Can Patient Engagement Efforts Help Combat the Stigma of Mental Illness?
After Glenn Close walks the red carpet in New York City on November 5, she’ll appear center stage to receive an award. Not an Emmy, a Tony or a Golden Globe. Not even an Oscar. Instead, she will be accepting the WebMD Health Hero People’s Choice Award, honoring her efforts to bring awareness to—and fight the stigma of—mental illness. This isn’t the first time we’ve noted Close’s support of those with mental illness, either. But the combined efforts of advocates like Close, mental health experts and members of Congress are bringing mental health into the light. Now, it just remains to be seen if healthcare providers can put effective patient engagement strategies in place to erase the stigma altogether.
Bridging the Distance between Awareness and Care
Several years ago, the Centers for Disease Control and Prevention reported that 57 percent of adults believe that people are caring and sympathetic towards those struggling with mental illness. Yet only 25 percent of people with mental health issues felt the same. Obviously, there was a disconnect then. Now, while bringing mental illness into the light is helping to address the issue, hospitals and other healthcare providers need to develop patient engagement strategies that do a better job of connecting with the right people to have a positive impact on patients.
As students began returning to college campuses this fall, CNN reported on a movement to end the stigma around mental health issues to improve suicide prevention. Matthew Fullen, program manager for The Ohio State University’s Suicide Prevention Program, told CNN, “We need to be able to ask the question, ‘Are you struggling with depression? Are you struggling with suicidal thoughts?’” By removing the stigma, the University—and others across the country—are hoping to put a dent in some alarming statistics. According to the Center for Collegiate Mental Health at Penn State:
- The number of students who have seriously considered suicide at some time in their lives grew from 25 percent in the 2010 – 2011 academic year to 31 percent in the 2013-2014 academic year.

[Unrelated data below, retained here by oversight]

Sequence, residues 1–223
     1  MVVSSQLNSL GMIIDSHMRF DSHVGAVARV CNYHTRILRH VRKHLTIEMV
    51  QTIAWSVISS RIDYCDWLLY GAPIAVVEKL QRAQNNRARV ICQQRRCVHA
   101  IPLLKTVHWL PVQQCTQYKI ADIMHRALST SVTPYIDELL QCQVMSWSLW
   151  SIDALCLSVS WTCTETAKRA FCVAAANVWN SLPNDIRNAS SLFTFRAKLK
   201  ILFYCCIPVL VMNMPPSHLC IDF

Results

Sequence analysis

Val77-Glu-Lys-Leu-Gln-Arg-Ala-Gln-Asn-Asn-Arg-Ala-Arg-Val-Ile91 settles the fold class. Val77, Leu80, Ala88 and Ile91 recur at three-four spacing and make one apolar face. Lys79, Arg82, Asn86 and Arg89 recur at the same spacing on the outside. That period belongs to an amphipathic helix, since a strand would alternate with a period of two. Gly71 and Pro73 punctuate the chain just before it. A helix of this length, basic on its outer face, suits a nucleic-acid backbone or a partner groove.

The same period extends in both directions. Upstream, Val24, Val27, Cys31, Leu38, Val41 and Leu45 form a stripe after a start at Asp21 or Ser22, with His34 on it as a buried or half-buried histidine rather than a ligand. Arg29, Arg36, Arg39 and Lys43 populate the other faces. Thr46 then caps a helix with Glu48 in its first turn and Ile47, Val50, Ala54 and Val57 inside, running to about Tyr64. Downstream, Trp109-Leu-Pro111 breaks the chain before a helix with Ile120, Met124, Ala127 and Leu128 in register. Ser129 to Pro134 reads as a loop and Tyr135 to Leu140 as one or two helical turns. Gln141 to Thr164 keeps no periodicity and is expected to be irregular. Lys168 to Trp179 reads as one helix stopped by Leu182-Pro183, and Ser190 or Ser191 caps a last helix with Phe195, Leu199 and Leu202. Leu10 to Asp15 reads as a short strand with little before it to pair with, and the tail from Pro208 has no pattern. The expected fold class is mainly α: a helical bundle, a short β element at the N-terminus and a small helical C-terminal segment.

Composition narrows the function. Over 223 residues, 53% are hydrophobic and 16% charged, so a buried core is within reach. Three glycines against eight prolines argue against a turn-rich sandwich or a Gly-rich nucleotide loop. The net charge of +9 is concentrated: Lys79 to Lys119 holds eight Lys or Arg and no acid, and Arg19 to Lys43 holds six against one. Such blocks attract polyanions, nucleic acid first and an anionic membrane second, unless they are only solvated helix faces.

- The number of students who purposely harm themselves by cutting, burning or hair pulling also increased by 3 percent, to 24 percent, within the same time span.
While suicide attempts have not increased as significantly, the fact is that suicide is the third-leading cause of death for people ages 15 to 24, and more than 1,000 college students end their own lives annually.
Culturally Competent Care on Campus
If hospitals and other healthcare providers are interested in seeing what kinds of patient engagement strategies work, they may well want to look at efforts being rolled out at universities across the country. And they aren’t all centered on the patient. Like some other colleges and universities, The Ohio State University received a Garrett Lee Smith Memorial Act grant. Named in honor of former Senator Gordon Smith’s son who committed suicide while attending college, the monies have been used to support education and training in suicide prevention, and the engagement campaign involves not just patients but peers, faculty and staff. Before the grant, only 12.6 percent of students received such training. As of 2014, the number of Ohio State students who report having suicide prevention training has risen to 41.8 percent.
Another grant recipient, Western Michigan University, puts mental health on stage—literally. Each year, during new student orientation, the school’s Theatre for Community Health acts out different scenarios that bring the warning signs of depression and other mental health struggles to life. These innovators are addressing the issues in a context that is relevant to the culture of the campus. As more people learn about mental illness and as more conversations take place in public settings—whether on a small stage on a college campus or at a gala event in New York City—the stigma will be replaced by understanding.
While your hospital’s patient engagement strategies may not take such a creative approach, you do need to consider that not all individuals will respond to a one-size-fits-all campaign. In order to effectively engage patients, you need to understand what motivates and influences them – and then develop strategies that appeal to those different psychographic segments. Psychographics, as they pertain to healthcare consumers’ values, personalities, and lifestyles, provide a context upon which to anchor communications. That’s when you’ll be able to move from offering advice to providing meaningful, culturally competent care. Are you ready?